“So where is the South? Well, that depends on which South you’re talking about. Some places are Southern by anybody’s reckoning, to be sure, but at the edges it’s hard to say where the South is because people have different ideas about what it is. And most of those ideas are correct, or at least useful, for some purpose or other.” – John Shelton Reed.
It’s been fun to think about this question over the years. I have seen southern traits in places I didn’t expect to – southern Illinois, for example. And there are almost entire states that are apparently part of the South, but don’t feel at all southern to me – Oklahoma and Texas in particular.
What constitutes “the South” is a topic already tackled by others. By almost every definition, Arkansas is firmly in the South. Some even throw Missouri in at the fringes.
For me the South starts with Pine trees. And Bojangles. By the Bojangles map (below) we are not in the south.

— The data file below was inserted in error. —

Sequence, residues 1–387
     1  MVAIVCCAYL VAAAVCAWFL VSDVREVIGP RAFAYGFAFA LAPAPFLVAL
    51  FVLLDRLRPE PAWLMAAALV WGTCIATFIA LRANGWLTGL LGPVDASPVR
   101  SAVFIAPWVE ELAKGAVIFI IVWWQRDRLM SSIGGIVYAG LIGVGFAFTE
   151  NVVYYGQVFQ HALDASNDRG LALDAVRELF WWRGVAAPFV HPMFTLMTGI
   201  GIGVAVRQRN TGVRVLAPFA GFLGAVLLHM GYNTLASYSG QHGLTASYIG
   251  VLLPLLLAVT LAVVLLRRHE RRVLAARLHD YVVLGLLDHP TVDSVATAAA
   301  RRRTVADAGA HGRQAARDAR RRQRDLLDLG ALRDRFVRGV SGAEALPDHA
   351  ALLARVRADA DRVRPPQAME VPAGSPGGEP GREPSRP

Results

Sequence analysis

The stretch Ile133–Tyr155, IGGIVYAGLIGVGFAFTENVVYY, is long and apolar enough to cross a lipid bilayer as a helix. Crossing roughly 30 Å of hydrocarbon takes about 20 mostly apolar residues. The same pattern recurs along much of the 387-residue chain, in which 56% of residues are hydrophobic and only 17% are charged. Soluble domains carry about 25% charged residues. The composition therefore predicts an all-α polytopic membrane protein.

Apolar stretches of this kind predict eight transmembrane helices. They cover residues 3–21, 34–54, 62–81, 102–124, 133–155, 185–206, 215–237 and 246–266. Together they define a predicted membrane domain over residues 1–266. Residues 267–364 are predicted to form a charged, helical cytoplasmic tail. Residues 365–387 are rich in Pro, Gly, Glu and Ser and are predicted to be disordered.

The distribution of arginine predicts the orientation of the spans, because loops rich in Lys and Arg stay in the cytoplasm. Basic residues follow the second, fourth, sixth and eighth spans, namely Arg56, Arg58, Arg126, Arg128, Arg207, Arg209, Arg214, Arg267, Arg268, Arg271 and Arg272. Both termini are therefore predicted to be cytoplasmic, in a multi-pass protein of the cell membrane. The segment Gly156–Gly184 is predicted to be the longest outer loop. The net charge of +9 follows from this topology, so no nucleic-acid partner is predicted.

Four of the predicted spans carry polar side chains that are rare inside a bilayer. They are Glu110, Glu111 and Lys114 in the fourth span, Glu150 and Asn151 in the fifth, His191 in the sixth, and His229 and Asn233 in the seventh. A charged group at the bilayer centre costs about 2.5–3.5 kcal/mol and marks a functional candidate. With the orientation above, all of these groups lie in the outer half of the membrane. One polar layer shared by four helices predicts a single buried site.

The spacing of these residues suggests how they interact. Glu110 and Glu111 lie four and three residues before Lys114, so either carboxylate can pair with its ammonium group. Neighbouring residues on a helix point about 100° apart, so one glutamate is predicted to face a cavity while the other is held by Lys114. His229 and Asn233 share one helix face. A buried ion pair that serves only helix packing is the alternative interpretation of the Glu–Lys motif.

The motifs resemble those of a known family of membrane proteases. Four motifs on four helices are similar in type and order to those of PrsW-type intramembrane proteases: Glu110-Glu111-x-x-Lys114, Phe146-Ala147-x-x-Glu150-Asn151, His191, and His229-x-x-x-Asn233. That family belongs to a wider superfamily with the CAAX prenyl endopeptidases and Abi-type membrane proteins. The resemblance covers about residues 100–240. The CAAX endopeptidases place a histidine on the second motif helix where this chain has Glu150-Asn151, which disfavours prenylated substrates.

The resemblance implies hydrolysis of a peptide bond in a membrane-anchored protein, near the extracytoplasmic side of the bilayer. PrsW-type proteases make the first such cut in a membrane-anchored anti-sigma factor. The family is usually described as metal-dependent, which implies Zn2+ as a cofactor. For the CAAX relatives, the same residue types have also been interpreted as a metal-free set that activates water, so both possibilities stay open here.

What about pine trees? The distinct smell when you get off the plane in much of the South the summer. In the map below, states where the Loblolly Pine is found are shaded dark green, with the actual counties where the Pines are found shaded light green.
Although I haven’t investigated this thoroughly, I suspect there are some anomalies due to human plantation: the bright green in the middle of Oklahoma, for example, where Oklahoma City lies. But generally light green marks the south, for me.
So are we in the South? Not by my map. We are in Conway County, Arkansas, which is dark green. The county to the south is Perry County, which is a light green. So we’re very close. In the map below you can see the county line at the bottom. We are on the shore of Lake Bailey.
So we have failed the Bojangles test and the Loblolly Pine test (but just barely). We’re still in the Mid-West.
– Anthony, Petit Jean State Park, Arkansas